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hi i have a question about pointers,
can we give address directly to a pointer?
like this code:
int *p2;
Mohibur Rashid 18-Jul-11 10:25am    
If you want to share data between process then this is not the way at all.
Try ICP, client/server solutions

You can do it:

int * p2 = reinterpret_cast<int*>(0x22fefc);

//C-style cast:
int * p1 = (int*)0x22fefc;

//easy to check-up: p1==p2, but de-referencing them could be a problem :-)

The result depends on the platform. On most modern platforms is would looks like some random address; and you will very likely get General Protection Fault exception. In some platforms it may work if the address makes sense. For example, with MS-DOS you could access video card this way or some other physical memory buffer. (However, in real-mode of Intel CPU the address would be the segment:offset pair, so this code won't work anyway.)

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Аslam Iqbal 18-Jul-11 5:28am    
good ans. my 5
Sergey Alexandrovich Kryukov 18-Jul-11 10:36am    
Thank you, Aslam.
Espen Harlinn 18-Jul-11 8:33am    
Nice and simple, my 5
Sergey Alexandrovich Kryukov 18-Jul-11 10:36am    
Thank you, Espen.
Updated with C-style cast.
Espen Harlinn 18-Jul-11 10:42am    
Have you taken a look at this article:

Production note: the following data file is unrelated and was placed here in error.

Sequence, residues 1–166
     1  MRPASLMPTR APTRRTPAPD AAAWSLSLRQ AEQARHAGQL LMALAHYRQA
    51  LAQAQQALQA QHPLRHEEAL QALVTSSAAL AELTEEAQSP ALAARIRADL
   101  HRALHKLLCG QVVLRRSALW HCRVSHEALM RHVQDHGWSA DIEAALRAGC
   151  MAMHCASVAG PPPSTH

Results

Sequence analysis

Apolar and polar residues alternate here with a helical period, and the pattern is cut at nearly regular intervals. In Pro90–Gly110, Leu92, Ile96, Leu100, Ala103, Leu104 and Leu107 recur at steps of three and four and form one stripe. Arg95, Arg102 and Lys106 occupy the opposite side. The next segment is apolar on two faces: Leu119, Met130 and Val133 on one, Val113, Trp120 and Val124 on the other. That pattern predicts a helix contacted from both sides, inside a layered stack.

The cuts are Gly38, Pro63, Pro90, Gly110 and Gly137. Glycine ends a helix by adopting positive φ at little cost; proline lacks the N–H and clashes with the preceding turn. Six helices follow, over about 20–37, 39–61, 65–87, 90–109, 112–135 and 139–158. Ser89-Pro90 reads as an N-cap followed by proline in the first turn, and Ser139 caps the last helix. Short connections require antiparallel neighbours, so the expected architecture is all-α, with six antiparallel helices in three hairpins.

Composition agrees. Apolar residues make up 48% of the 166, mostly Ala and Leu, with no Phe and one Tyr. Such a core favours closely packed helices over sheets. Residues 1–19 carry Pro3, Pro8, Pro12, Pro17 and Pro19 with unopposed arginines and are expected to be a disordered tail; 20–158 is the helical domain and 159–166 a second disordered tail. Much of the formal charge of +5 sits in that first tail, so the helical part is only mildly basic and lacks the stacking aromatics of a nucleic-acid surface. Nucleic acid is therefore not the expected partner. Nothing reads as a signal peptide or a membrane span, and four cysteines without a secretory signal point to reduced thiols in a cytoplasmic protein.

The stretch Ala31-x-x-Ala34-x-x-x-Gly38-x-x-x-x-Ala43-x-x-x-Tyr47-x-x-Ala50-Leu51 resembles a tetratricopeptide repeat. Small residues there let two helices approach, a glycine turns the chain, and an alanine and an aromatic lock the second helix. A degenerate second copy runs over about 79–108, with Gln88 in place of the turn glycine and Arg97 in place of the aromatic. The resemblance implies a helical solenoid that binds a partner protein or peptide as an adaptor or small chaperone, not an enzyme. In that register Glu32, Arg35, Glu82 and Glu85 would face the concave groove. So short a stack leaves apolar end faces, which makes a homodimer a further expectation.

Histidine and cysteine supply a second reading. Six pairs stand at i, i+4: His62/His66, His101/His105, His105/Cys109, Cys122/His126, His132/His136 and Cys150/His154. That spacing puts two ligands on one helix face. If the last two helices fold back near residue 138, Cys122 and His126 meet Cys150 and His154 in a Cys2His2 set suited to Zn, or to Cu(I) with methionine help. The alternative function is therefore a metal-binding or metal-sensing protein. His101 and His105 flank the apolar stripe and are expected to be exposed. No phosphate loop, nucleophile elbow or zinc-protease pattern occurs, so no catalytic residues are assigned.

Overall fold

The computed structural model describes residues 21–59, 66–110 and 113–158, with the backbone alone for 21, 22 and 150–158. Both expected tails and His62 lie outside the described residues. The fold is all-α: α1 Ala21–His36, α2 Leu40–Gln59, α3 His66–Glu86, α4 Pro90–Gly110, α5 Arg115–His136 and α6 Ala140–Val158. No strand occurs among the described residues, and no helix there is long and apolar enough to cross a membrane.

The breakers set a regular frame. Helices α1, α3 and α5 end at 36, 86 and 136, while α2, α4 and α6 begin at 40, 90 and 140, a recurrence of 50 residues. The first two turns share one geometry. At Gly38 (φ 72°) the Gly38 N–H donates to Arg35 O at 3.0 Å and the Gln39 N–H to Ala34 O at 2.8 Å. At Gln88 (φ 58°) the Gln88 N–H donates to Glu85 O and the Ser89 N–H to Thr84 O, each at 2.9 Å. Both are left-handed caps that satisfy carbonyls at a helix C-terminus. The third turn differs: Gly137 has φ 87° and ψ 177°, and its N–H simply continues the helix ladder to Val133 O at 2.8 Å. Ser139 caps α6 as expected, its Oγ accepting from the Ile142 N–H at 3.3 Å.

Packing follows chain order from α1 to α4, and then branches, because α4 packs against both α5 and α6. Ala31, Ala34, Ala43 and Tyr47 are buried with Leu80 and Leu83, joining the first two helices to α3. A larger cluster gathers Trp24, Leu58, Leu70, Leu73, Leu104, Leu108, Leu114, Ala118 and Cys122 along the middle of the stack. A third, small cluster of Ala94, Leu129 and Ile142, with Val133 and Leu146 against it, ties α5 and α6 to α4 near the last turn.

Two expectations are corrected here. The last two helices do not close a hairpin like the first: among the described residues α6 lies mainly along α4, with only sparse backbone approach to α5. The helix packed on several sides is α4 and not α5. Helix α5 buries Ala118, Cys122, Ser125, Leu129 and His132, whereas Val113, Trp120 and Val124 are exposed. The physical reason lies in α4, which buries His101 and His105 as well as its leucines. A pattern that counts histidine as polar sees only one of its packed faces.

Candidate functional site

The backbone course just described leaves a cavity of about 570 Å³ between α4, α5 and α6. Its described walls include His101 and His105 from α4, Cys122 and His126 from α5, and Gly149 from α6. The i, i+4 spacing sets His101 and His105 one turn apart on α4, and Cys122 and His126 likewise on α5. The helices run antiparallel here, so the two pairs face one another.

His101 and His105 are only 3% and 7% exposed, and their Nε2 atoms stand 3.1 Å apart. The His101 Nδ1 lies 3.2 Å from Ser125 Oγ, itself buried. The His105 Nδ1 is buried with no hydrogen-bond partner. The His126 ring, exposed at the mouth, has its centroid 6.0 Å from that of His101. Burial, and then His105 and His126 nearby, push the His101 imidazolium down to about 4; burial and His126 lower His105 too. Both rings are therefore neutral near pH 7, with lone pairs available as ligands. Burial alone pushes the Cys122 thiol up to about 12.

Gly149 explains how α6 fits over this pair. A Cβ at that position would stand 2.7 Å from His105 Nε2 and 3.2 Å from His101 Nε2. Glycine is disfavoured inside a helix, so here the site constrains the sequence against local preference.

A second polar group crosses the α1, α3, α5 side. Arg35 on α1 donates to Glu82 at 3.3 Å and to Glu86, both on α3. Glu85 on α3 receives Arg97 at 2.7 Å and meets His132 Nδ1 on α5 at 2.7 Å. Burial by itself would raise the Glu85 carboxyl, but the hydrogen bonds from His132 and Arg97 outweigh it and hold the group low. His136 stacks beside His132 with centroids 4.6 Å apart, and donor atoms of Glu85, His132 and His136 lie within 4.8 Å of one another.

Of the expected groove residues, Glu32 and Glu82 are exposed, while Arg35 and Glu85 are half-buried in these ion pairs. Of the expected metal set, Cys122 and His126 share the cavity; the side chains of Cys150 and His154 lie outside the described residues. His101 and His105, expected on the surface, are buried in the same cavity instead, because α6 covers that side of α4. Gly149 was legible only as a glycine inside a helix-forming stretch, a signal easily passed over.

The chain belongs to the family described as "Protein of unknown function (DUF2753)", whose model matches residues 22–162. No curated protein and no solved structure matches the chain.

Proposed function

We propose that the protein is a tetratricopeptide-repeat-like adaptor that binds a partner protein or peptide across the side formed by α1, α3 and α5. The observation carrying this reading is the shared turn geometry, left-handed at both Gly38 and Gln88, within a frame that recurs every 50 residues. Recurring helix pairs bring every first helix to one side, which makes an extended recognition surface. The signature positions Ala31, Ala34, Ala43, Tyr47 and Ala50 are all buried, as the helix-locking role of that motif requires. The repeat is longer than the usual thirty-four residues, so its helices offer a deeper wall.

I think you'll like it :)
Yes. But, there is a very good chance of a complete failure when you try to use it - it is unlikely that a random address will be within your programs memory space, and the OS will spot the access attempt and kill your app.
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Sergey Alexandrovich Kryukov 18-Jul-11 4:45am    
You answer is correct for most modern systems, but in fact this is platform-dependent. My 4. Please see my answer.
hakz.code 18-Jul-11 8:25am    
This is what I too think,by the way I dont find a point in accessing direct memory unless we are programming on smaller platforms like 8085 microprocessor.
Sergey Alexandrovich Kryukov 18-Jul-11 10:32am    
That's correct, direct memory is typical for smaller platforms.
yes, that is very much a valid way of assigning an address to a pointer in C.
When writing to the address you'd have to ensure that that your memory is set up
accordingly though... e.g. though a linker directive file.

I would rather do it as follows though:

#define SOME_ADDRESS (0x22fefc)
int *p2 = (int*)SOME_ADDRESS;

Below is an example of a linker directive file for a power pc processor:

    .PPC.EMB.sdata0 0xffff8000  ABS :
    .PPC.EMB.sbss0          CLEAR ABS :

    .text 0x10000 :
    .syscall :
    .secinfo :
    .rodata :
    .sdata2 :
    .fixaddr :
    .fixtype : ROM(.data) :
    .ROM.sdata ROM(.sdata) :
    .sdabase align(8) :
    .sdata :
    .sbss :
    .data :
    .bss :
    .heap align(16) pad(0x100000) :
    .stack align(16) pad(0x80000) :

    SOME_ADDRESS 0x0022fefc MIN_SIZE(0x4) :
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R. Erasmus 18-Jul-11 4:34am    
Not true, this will work in C, I don't know about C++.
R. Erasmus 18-Jul-11 4:42am    
For the noob that voted me a 1... Think its time to maybe look into another field of expertise as this one is clearly not working for you.
hakz.code 18-Jul-11 8:18am    
Hi your code flagged a compiler error for me,I think the typecast should be to int* not to int.
R. Erasmus 19-Jul-11 3:19am    
Indeed. Well spotted, thx. ;-)
hakz.code 19-Jul-11 6:11am    
welcome :-)

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